And so the typical structure of experience is like a punch in the face.
The ordinary self is the battered self - it is utterly battered by the universe "out there."
The ordinary self is a series of bruises, of scars, the results of these two hands of experience smashing together. This bruising is called duhkha, suffering.
As Krishnamurti used to say, in that gap between the subject and the object lies the entire misery of humankind.
But with the nondual state, suddenly there are not two hands. Suddenly, the subject and the object are one hand. Suddenly, there is nothing outside of you to smash into you, bruise you, torment you….
So what is the sound of that one hand clapping? What is the taste of that One Taste? When there is nothing outside of you that can hit you, hurt you, push you, pull you - what is the sound of that one hand clapping?...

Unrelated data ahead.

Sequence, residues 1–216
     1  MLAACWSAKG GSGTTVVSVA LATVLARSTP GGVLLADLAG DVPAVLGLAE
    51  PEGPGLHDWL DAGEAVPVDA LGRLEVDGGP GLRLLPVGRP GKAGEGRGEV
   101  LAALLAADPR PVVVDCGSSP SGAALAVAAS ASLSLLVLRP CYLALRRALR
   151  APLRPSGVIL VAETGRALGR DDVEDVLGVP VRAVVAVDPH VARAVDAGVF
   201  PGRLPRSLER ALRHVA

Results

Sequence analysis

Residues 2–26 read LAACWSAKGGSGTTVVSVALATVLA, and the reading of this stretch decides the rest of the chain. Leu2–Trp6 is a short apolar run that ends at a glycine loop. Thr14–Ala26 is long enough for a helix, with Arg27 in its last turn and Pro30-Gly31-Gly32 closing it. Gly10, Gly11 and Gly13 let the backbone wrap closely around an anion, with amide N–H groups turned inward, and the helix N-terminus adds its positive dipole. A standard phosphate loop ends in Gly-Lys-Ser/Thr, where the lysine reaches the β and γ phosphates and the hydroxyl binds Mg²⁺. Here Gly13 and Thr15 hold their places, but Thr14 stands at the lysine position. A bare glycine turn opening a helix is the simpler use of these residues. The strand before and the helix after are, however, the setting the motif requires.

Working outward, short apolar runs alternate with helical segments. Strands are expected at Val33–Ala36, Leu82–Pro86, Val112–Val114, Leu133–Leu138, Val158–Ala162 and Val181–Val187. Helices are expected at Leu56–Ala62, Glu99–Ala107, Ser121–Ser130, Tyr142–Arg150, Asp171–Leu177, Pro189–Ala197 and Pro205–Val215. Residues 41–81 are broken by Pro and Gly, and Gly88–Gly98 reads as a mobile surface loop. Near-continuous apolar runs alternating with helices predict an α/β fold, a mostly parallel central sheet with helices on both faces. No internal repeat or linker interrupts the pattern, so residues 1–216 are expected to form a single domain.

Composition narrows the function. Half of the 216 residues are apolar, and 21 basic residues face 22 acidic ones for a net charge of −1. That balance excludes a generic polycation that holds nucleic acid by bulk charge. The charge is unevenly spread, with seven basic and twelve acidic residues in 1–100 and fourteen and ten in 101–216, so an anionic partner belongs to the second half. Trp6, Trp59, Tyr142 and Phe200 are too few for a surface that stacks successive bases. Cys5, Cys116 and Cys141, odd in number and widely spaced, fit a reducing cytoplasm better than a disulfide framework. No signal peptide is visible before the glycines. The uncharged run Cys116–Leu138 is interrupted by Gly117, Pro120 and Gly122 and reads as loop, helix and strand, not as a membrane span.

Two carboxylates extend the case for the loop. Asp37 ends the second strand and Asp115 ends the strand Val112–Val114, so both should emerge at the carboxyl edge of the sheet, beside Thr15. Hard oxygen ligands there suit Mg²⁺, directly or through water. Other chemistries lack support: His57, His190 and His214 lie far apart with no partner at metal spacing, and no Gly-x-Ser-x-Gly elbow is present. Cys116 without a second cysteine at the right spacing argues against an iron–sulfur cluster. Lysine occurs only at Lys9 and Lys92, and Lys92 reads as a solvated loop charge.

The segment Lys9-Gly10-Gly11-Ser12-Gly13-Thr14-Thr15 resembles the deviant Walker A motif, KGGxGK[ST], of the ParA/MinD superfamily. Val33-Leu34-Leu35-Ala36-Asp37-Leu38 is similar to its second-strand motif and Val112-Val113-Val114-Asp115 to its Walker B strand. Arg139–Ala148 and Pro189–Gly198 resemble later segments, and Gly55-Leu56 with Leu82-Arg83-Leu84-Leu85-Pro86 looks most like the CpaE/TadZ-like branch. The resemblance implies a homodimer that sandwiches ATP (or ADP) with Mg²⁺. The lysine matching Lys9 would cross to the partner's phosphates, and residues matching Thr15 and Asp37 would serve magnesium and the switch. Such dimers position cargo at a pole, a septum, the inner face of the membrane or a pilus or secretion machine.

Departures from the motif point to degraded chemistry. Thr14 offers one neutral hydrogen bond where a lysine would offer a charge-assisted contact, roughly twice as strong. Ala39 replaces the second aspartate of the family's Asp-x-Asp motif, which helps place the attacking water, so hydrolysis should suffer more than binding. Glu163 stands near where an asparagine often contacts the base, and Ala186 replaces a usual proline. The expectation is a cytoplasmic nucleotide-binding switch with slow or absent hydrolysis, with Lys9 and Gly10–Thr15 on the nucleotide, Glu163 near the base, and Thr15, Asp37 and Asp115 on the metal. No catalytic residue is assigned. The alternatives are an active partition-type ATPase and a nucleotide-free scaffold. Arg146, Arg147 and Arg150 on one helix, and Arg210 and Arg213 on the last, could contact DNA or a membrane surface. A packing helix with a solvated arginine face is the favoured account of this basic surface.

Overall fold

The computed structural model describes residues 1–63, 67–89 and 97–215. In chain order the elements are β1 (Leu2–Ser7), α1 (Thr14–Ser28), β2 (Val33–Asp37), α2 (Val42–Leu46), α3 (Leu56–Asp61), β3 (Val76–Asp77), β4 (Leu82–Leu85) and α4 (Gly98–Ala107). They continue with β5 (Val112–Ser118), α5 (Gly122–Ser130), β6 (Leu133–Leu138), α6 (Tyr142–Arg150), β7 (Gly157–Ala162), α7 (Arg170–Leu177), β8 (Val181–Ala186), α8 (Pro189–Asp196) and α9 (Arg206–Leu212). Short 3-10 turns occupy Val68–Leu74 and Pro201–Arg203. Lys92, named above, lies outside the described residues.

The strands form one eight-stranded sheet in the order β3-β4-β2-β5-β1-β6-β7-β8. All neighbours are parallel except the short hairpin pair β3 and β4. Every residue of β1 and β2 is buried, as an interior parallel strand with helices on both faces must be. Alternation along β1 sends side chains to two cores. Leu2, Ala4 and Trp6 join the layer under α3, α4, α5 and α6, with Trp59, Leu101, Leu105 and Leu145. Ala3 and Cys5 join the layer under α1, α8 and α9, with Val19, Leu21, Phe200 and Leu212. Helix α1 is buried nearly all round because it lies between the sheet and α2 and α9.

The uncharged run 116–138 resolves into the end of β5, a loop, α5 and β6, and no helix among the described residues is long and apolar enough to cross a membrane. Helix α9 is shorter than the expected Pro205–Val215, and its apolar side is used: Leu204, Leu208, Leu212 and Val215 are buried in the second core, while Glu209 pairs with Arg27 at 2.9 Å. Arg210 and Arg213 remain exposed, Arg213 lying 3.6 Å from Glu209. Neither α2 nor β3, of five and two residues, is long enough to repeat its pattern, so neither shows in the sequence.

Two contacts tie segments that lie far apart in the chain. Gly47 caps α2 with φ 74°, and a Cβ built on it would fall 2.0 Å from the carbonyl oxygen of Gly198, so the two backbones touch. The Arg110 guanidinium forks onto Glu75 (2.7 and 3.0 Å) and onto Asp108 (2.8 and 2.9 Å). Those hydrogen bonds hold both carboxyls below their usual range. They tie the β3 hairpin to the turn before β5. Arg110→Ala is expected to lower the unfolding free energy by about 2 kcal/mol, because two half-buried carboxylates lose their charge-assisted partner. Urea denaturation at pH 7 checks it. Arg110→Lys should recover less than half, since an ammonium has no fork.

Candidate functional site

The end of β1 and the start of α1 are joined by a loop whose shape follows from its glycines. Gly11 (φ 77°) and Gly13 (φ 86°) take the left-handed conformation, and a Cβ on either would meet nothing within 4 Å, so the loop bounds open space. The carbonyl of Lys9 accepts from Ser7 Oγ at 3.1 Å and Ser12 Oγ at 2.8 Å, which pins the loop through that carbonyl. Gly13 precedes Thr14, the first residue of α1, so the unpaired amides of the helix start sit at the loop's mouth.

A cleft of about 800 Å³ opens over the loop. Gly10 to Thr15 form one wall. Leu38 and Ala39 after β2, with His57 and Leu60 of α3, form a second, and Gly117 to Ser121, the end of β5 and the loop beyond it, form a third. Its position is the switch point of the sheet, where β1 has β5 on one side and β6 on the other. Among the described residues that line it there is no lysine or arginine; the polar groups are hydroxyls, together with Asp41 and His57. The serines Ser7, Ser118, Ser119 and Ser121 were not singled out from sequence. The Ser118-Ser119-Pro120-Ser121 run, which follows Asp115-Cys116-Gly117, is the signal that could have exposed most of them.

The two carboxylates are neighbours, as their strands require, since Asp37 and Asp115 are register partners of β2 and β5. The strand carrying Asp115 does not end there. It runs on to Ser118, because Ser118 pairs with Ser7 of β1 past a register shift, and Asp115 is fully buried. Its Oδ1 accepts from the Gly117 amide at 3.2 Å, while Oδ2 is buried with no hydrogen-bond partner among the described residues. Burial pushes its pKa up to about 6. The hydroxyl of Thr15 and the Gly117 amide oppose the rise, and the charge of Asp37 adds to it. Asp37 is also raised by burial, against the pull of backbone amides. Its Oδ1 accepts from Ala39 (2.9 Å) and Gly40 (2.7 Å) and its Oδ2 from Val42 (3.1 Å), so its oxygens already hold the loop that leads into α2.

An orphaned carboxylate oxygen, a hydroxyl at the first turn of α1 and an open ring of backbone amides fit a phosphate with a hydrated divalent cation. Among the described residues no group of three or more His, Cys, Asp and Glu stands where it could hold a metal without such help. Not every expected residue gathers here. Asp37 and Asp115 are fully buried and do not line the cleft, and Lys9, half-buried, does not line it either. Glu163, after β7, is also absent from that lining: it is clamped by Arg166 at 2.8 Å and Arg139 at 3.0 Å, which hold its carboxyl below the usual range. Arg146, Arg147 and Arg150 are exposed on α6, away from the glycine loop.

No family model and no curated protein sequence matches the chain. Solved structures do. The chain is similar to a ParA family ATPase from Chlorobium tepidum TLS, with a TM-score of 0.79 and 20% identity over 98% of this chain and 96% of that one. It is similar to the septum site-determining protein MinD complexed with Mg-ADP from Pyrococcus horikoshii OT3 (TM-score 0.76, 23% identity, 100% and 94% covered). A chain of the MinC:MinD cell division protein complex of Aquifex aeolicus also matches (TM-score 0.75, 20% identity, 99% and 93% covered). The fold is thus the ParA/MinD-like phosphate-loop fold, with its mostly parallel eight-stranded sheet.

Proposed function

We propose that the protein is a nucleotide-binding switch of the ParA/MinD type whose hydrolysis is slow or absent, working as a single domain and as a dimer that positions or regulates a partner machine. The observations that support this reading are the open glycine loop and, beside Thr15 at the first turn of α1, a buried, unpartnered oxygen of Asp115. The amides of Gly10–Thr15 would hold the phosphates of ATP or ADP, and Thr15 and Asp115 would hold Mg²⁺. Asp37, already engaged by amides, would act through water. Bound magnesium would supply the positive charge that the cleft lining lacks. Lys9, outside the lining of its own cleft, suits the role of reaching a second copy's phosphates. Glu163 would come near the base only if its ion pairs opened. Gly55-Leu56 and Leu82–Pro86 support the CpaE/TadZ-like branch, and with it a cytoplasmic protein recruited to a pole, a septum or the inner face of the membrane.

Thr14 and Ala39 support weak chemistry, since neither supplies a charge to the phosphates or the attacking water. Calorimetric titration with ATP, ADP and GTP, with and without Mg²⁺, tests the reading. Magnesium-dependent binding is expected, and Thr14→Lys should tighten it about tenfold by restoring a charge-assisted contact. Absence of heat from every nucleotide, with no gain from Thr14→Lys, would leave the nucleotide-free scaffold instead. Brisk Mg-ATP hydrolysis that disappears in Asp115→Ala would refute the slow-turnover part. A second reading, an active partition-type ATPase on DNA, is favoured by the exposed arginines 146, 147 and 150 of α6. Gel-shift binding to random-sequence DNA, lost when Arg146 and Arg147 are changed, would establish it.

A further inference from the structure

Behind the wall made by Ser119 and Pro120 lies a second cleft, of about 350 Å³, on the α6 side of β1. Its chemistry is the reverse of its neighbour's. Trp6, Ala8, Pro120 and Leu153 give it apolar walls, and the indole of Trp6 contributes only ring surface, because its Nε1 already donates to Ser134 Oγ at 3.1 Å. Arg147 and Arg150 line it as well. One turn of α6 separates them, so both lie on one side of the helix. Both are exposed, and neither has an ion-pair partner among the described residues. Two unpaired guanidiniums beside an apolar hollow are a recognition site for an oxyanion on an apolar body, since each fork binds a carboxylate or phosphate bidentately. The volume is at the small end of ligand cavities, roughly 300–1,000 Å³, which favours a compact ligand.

As a Zen Master put it, "When I heard the sound of the bell ringing, there was no I, and no bell, just the ringing." There is no twice-ness, no two-ness, in immediate experience! No inside and no outside, no subject and no object - just immediate awareness itself, the sound of one hand clapping.
Ken Wilber, A Brief History of Everything. Chapter 13.
Friday, October 03, 2008
Sarah Palin to Katie Couric
I’m sorry, but if I don’t find something to laugh about regarding Sarah Palin, I am afraid I may join a friend who emailed today to say that the Republican VP candidate had her in a complete swivet.
I had never used the word before, never even heard it. So, I Googled. ...
Which always leads to interesting things… and I just had to share this article on sentence diagramming.
And so, while politics should probably be eschewed here (I don’t usually use that word either. But, I do know it.)… eschewed here, language is very much about consciousness and that is right on topic.
And besides, laughing is so necessary.
God, help us!